George Floyd cop Derek Chauvin gets divorce settlement rejected, judge says there's a 'badge of fraud'
'One badge of fraud is a party’s transfer of ‘substantially all’ of his or her assets,' the judge said after Chauvin's wife asked for both of his houses
WASHINGTON COUNTY, MINNESOTA: The police officer charged with the murder of George Floyd, Derek Chauvin, has had a divorce settlement between him and his wife, Kellie Chauvin, rejected by a judge in court. The divorce settlement would transfer most of his assets to his wife before his trial in court for the murder of George Floyd. The judge involved in the divorce case also cited the possibility of fraud.
Kellie Chauvin filed for divorce on May 31, shortly after the George Floyd case that inspired widespread protests throughout the United States. According to the Star Tribune, Kellie is asking for sole ownership of both of the couple's homes — their primary home in Oakdale, and a townhouse in Windermere, Florida, which were bought in both their names after their marriage in 2010. Some have speculated that the true motive behind this divorce is to protect Derek Chauvin's assets in case his court case involving George Floyd goes poorly.
The Washington County District Judge Juanita Freeman wrote in her October ruling that there was a "badge of fraud" about the case. "The Court has a duty to ensure that marriage dissolution agreements are fair and equitable,” Freeman wrote. “One badge of fraud is a party’s transfer of ‘substantially all’ of his or her assets," she wrote. Despite this, she did not actually charge the couple with fraud, nor did she openly question the motives behind their divorce. Derek Chauvin himself is unrepresented in the divorce case, though his criminal attorney in the George Floyd case declined to comment. Kellie Chauvin's divorce petition has gone uncontested by him, but Freeman's ruling states that judges can deny such an uncontested divorce settlement between couples if they see fit.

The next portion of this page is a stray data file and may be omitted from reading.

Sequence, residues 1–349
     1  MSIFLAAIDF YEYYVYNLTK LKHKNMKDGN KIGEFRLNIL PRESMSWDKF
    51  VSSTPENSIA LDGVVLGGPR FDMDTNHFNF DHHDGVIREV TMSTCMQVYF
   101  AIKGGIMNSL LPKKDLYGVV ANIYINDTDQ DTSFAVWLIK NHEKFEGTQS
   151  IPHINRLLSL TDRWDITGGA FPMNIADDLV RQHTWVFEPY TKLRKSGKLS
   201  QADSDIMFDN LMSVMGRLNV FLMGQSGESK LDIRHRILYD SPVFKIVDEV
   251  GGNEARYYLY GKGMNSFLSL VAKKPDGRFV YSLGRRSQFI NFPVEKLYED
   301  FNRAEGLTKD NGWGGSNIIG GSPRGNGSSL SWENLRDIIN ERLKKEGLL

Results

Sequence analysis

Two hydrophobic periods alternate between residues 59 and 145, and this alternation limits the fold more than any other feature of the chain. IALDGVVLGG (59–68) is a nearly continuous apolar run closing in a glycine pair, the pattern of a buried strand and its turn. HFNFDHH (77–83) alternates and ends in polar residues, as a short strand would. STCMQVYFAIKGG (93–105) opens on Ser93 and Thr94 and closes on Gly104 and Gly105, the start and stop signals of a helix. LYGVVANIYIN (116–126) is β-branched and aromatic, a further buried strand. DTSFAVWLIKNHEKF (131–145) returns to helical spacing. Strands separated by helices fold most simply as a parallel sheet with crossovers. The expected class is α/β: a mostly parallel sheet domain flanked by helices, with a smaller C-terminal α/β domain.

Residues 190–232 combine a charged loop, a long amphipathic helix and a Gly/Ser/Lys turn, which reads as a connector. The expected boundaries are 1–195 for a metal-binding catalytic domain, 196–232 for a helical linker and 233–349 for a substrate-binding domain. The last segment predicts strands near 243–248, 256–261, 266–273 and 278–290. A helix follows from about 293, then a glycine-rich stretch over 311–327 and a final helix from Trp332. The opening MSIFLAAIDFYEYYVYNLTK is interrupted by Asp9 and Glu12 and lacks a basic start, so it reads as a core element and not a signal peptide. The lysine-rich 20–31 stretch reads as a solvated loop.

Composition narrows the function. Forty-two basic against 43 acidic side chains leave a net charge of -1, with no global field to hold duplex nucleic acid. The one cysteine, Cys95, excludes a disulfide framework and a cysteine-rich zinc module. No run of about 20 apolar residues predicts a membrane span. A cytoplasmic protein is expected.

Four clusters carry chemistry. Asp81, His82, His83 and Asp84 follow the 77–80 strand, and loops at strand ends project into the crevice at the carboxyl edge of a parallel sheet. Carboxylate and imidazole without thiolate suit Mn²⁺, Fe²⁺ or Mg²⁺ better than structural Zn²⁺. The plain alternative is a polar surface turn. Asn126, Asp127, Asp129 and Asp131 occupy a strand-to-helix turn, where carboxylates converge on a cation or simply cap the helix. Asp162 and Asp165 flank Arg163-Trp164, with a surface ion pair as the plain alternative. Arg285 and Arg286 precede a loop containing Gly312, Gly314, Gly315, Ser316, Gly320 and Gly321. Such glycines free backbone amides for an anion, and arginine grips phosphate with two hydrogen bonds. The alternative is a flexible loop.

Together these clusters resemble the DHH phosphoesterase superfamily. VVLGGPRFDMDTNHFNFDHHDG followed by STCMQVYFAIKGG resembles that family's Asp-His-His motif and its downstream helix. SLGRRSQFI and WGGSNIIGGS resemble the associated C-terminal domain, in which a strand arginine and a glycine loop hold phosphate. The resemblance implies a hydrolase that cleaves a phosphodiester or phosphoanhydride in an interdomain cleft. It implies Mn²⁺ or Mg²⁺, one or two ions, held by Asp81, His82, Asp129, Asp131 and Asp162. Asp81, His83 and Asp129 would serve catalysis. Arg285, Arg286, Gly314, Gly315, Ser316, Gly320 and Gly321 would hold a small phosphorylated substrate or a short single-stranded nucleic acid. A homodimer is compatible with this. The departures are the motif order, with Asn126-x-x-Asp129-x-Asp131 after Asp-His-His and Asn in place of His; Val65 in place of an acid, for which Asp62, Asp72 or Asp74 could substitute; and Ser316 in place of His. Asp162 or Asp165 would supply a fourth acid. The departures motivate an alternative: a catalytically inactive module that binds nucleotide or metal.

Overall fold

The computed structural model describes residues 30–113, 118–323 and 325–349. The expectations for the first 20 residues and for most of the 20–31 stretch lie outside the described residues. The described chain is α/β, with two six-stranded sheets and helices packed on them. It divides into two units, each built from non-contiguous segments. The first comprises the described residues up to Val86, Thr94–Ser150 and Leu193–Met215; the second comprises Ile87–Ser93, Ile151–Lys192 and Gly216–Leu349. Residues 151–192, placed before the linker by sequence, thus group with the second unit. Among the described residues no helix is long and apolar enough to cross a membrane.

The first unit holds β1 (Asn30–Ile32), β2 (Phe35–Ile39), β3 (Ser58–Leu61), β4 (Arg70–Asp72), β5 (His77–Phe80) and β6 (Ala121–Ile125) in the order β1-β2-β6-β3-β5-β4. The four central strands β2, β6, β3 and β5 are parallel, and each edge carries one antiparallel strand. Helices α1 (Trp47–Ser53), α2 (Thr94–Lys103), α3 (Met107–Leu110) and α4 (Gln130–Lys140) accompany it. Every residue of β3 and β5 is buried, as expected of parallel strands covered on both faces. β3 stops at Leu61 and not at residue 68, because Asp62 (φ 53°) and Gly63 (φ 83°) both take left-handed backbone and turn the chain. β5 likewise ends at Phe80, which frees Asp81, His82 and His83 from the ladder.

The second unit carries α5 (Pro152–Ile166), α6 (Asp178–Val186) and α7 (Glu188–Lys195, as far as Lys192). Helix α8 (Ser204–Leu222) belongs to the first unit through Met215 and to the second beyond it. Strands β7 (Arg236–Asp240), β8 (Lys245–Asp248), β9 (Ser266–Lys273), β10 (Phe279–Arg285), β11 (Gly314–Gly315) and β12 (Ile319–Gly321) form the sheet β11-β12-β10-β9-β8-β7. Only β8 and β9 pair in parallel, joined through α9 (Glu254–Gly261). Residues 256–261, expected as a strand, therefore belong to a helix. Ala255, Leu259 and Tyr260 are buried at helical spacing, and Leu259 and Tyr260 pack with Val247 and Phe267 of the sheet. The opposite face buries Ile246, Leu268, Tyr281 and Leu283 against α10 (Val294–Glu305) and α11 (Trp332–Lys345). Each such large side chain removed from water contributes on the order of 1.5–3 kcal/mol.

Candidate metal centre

Local divorce attorneys called the ruling 'rare.' Divorce attorney Marc Beyer speculates as to the motivation behind the divorce settlement, saying, "this is just speculation, but it’s possible that the [agreement] was intentionally drafted to get assets out of Chauvin’s name in anticipation of a civil judgment against him from the estate of George Floyd," adding, "That may be what the court is getting at when it references ‘badges of fraud'."
The exact terms of the couple's divorce agreement have been heavily redacted in a document that was filed on September 30. According to Washington County records, the Oakdale house is valued at $273,800, while property records put the Florida townhouse at a current value of $226,282. Derek Chauvin earned $52,000 to $72,000 annually between 2014 and 2019 as a police officer in addition to nearly $96,000 working a second job in private security.
By law, judges are required to ensure that divorce settlements are equitable, but Minnesota state law also encourages settlements that minimize court involvement. "It’s unusual that a judge would reject a stipulated agreement," said divorce attorney Victoria Brenner. "They receive them happily, knowing that they’ve avoided any more administration of this case and a trial, which is really time-consuming."
The case has been set for a pretrial hearing on March 26 and for trial on April 26. Derek Chauvin and the other three officers involved in George Floyd's death are expected to stand trial sometime in March.